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9 Ways to Travel Better
Clever tips for smoother, stress-free travel.
Packing strategically and carrying the local currency are just a couple of ways to travel smarter.(Getty Images)
The words "tourist" and "traveler" are often used interchangeably, but for seasoned globetrotters, they carry distinctive meanings. While a traveler seeks out the unfamiliar and the uncomfortable, a tourist stays in his comfort zone, sticks to major cities and enjoys staying at hotels with amenities that rival those at home. And unlike tourists, travelers seek culturally immersive experiences and venture off the beaten path and, in turn, are rewarded with meaningful and enriching experiences. So, if you want to venture into the unknown with the mentality of a traveler – not a tourist – toss out that guidebook and follow these expert-approved tips.
Learn the Local Language
Even if you can't master a new language before you go, it's a smart idea to learn a few key phrases in the country's native tongue. While you may not be able to hold a conversation, knowing a few words can go a long way, and help you haggle for the best prices, communicate with locals and get the most out of your trip.
Arrive at Each Destination With Bills in the Local Currency
Many travelers assume that foreign countries will accept major credit cards, but that's not always the case. And keep in mind many credit cards charge foreign conversion fees, so it's important to make sure you know what fees to expect before you use your card overseas. Plan ahead and carry at least $100 of the local currency in your pocket to cover necessities, such as meals and transportation.
Sharing your memorable travel experiences with a hotel, tour group or airline on Twitter and Facebook provides more than just updates to friends and followers on social media. Many hotels engage with guests on these platforms, and sometimes reward social media users with room upgrades, loyalty points and free amenities.
Even if you're planning to stay in one hotel room or on one cruise ship cabin, leave enough room in your carry-on to bring home keepsakes from your trip. The last thing you want to worry about is how you're going to transport those irreplaceable souvenirs you picked up without paying exorbitant fees.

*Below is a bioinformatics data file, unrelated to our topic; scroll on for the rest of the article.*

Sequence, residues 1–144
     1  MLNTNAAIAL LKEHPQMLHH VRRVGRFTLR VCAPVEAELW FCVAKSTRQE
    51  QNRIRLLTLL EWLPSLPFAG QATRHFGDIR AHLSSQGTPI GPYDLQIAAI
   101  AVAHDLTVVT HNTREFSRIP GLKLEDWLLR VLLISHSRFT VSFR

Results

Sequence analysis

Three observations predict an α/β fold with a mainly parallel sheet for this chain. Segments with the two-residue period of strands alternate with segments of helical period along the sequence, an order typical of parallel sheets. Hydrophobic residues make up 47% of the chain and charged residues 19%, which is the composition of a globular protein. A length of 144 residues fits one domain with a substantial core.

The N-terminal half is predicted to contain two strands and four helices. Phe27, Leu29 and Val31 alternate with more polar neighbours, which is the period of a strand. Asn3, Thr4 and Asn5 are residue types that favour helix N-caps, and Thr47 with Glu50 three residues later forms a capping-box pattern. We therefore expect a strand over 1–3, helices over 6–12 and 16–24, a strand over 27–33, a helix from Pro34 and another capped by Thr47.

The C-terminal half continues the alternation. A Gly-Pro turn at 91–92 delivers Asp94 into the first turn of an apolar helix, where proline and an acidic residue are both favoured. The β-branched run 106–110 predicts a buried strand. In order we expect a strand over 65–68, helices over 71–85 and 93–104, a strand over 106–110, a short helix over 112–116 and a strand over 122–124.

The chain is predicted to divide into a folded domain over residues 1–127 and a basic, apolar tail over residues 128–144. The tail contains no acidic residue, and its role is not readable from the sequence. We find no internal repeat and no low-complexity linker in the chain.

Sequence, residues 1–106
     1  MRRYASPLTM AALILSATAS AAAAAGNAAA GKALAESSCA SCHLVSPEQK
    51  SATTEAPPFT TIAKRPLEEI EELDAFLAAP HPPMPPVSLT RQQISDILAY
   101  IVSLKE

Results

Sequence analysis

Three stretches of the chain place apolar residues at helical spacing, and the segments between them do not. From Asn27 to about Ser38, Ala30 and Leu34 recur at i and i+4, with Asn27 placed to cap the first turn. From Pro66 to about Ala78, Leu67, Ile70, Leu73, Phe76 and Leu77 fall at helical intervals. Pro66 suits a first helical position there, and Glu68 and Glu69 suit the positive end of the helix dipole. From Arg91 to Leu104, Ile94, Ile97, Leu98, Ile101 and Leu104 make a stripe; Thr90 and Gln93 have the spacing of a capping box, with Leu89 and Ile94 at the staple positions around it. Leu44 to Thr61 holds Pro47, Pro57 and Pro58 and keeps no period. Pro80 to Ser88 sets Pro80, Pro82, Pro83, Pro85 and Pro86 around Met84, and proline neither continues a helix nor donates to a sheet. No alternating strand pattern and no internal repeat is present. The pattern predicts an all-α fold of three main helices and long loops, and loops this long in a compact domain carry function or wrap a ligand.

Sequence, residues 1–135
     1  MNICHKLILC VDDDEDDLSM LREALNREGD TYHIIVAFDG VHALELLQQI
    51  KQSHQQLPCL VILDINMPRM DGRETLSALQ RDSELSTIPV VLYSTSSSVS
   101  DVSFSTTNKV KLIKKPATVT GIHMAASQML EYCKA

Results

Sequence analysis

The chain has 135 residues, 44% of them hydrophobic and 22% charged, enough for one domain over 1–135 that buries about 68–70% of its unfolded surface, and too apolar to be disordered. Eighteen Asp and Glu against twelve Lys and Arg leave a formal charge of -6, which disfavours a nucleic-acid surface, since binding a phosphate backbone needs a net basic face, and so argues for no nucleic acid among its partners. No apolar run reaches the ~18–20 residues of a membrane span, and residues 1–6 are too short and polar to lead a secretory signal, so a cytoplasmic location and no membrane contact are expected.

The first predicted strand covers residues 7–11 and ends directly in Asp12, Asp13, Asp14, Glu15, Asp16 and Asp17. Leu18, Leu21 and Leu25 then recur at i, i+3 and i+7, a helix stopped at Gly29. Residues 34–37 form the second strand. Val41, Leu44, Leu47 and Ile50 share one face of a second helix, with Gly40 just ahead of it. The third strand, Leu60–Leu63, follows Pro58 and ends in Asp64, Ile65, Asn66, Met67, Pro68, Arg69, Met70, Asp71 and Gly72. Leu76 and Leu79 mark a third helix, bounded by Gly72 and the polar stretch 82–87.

Go on an Expert-Led Tour
There's no better way to immerse yourself in the culture of a destination than with a local tour guide. Choose excursions led by resourceful guides, which will afford you with greater insight and access to lesser-visited places. Plus, knowledgeable guides can help break down language barriers, making it much easier to communicate with locals.
Rent Camera Equipment
Even if you're not a skilled photographer, a high-tech camera can help you capture incredible vacation photos. Before you rent a camera, make sure you read online reviews and practice taking photos before your trip. The last thing you want is a camera you don't know how to use on an epic African safari or a once-in-a-lifetime European getaway.
Eat Like a Local
The best part about traveling is the chance to sample the local cuisine, so skip major chains in favor of regional specialties. For example, dig into a plate of Rocky Mountain oysters in Montana, a deep-fried tarantula in Cambodia or a plate of tart ceviche in Mexico. Apart from savoring boundary-pushing plates, you'll have the added benefit of learning more about the local culture and creating long-lasting memories over an unforgettable meal.
Stay Connected for Less
Want to know how intrepid travelers save hundreds of dollars on the road? To start, they're never paying high Wi-Fi fees or data roaming charges. Skip hefty Internet fees and download Boingo, which can keep you connected for less than $5 a month.
Connect With Locals
Embrace the different customs and cultures you encounter in the places you visit. Make a point to ask locals questions and learn about the destinations on your itinerary. And spend as much time meeting locals and broadening your understanding of different cultures and perspectives as you do exploring major landmarks and neighborhoods.
About En Route
Practical advice on the art of traveling smarter with tips, tricks and intel from En Route's panel of experts.
Contributors have experience in areas ranging from family travel, adventure travel, experiential travel and budget travel to hotels, cruises and travel rewards and include Amy Whitley, Claire Volkman, Holly Johnson, Marsha Dubrow, Lyn Mettler, Sery Kim, Kyle McCarthy, Erica Lamberg, Jess Moss, Sheryl Nance-Nash, Sherry Laskin, Katie Jackson, Erin Gifford, Roger Sands, Steve Larese, Gwen Pratesi, Erin Block, Dave Parfitt, Kacey Mya, Kimberly Wilson, Susan Portnoy, Donna Tabbert Long and Kitty Bean Yancey.
Edited by Liz Weiss.
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